When you deploy your first elastic beanstalk application the URL will similar to…
Where ‘myapp-cname’ is the assigned cname when you first launch your environment.
What if we want to resolve our own domain, e.g.
This is pretty straight forward (assuming some background in working with cnames)…
1. Go into the Amazon AWS console and locate the elastic load balancer. This is generally found under EC2 -> load balancers.
2. Take the DNS name of the load balancer. This will be your cname record on your domain host.
SSL (HTTPS) is a little more tricky.
1. You need to create a certificate and have it signed by an authority. This steps is far beyond this post, but if you google or look in Amazon’s docs, they’ll help you out.
2. Once you have your cert and your private key, you need to upload those to IAM. IAM is Amazon’s Identity and Access Management cloud service. This requires some command line work, as the AWS console does not currently support any way to upload this…
3. Now, you need to change your load balancer config on your elastic beanstalk environment to point to this certificate. This requires enabling https and setting the aws certificate id on your elastic beanstalk load balancer config.
4. Then, assuming you did the above (add the cname for http) everything should work.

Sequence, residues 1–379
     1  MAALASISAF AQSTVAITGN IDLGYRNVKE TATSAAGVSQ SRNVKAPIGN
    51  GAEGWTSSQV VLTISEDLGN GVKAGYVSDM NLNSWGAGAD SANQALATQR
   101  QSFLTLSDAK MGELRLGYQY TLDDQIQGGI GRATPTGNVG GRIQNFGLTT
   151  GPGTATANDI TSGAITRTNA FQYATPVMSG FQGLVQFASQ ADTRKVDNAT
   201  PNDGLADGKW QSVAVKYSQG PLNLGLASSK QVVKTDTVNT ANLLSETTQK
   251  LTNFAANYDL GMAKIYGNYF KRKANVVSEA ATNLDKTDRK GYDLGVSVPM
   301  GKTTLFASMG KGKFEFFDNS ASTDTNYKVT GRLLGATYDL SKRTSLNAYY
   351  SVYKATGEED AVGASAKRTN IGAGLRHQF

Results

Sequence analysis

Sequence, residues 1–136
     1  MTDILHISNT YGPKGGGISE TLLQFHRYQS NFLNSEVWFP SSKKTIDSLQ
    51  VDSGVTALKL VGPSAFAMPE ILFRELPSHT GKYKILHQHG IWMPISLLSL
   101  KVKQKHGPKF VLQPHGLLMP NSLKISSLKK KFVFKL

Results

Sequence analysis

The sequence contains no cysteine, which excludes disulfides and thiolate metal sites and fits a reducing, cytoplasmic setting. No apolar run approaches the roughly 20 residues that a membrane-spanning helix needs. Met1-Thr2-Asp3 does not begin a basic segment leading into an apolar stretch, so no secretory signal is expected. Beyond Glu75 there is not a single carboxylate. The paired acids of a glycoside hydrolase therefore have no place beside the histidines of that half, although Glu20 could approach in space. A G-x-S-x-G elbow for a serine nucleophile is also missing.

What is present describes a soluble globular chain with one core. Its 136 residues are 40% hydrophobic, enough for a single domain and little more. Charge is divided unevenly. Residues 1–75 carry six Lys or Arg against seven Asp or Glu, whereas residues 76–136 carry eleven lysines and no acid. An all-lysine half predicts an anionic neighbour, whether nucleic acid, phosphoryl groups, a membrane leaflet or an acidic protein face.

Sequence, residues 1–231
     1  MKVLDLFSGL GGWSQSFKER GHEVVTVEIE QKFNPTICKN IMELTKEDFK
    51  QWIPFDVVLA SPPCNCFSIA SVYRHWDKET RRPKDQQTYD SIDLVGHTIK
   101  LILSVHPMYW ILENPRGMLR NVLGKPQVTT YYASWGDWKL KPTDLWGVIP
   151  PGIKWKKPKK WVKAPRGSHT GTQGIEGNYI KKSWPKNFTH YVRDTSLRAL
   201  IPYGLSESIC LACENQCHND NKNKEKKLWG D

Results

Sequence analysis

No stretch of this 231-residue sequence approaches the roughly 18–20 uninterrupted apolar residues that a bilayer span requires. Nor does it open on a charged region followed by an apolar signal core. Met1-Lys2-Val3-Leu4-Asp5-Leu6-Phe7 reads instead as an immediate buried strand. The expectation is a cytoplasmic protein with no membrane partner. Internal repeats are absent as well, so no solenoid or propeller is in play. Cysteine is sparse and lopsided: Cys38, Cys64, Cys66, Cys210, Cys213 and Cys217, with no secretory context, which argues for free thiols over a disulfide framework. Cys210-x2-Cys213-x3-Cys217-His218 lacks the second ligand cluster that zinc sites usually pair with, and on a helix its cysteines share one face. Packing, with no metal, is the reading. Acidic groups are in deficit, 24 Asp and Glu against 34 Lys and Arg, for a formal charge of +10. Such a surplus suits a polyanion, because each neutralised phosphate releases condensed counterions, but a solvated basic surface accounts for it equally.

Things to note
The load balancer is doing the SSL termination and handling the overhead and processing associated with that… That’s why we had to upload it and point the cname to the balancer. Your elastic beanstalk environment (the actual server) doesn’t do any SSL stuff, which is nice, because it means more CPU for your apps.
There is an issue with root type cnames. e.g. mydomain.com (instead of www.mydomain.com)… but there is a work around by setting up an Amazon Route 53 alias.
In case you are wondering, for each environment, you need one sub-domain. Because, we are pointing to the load balancer and every elastic beanstalk environment creates a new load balancer. Maybe one day Amazon will add a routing cloud service, so you could point to a load balancer, which points to other load balancers, which point to your apps… Thus, you could in theory have one subdomain and use a path variable to do the routing through the system. But, that’s a bit more complicated than we need to make things… (though it would be nice not to muck with DNS records as much)